The future of wearable technologies

Topics: Wearables, internet of things, privacy.
Type: Briefing paper
Publication date: June 2021




Authors: Kieran Brophy, Samuel Davies, Selin Olenik, Yasin Çotur, Damien Ming, Nejra Van Zalk, Danny O’Hare, Firat Güder and Ali K. Yetisen



  • Medical and wellness devices are subject to differing levels of regulation, with the latter subject to less stringent guidelines.
  • With advances in technology, there is now a blurring of the divide between what constitutes a medical or wellness device.
  • In the wellness device industry, there are growing concerns about the improper storage and transfer of a user’s personal data. No current legislation exists to stop companies from collecting data from each user, which can be used in targeted advertisements and product development.


  • The introduction of clear legislation that requires commercial companies inform the user exactly how their personal data will be used, and seek the user’s permission to the commercial use of their data.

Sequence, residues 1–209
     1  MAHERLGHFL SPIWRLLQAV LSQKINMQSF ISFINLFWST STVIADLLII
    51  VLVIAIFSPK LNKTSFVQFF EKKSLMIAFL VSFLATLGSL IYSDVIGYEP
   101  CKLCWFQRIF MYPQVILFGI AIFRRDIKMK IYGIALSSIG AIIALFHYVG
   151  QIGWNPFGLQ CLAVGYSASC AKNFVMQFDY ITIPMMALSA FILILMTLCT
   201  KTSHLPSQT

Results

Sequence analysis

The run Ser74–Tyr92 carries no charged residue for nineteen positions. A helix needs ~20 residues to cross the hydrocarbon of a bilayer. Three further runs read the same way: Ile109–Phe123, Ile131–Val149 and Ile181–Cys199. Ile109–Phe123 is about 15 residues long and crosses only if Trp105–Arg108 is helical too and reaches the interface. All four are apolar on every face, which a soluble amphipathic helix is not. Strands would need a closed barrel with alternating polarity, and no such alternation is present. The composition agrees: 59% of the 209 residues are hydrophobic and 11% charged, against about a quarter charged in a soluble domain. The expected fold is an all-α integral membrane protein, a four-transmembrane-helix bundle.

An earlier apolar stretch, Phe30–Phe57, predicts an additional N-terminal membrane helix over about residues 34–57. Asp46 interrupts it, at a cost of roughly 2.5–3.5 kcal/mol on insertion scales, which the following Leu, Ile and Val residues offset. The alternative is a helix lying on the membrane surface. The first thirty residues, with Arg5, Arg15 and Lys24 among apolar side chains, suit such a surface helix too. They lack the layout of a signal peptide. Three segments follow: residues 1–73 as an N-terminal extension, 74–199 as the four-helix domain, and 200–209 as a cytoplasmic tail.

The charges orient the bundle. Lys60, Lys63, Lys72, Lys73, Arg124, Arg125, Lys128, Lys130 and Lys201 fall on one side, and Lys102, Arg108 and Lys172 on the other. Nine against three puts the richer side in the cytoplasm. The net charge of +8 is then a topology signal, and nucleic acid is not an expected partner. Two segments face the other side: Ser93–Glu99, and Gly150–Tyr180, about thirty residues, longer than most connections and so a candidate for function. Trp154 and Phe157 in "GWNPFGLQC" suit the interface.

• Clear, concise and up-to-date regulation needs to be issued for wearable devices. Such regulation needs to be published in a form that can be understood by non-specialist audiences such as app developers. This should involve a multidisciplinary approach that includes regulators, wearable tech companies, academia and medical professionals working together to provide the safest and most effective solutions.
  • Imperial College London has the broad range of interdisciplinary expertise needed to develop the technology and is uniquely placed to inform future policy and regulation for wearable technology. With medical professionals highlighting requirements, researchers investigating human-technology interactions, and scientists and engineers implementing ideas into devices, Imperialis already at the forefront of designing the next generation of wearable devices.


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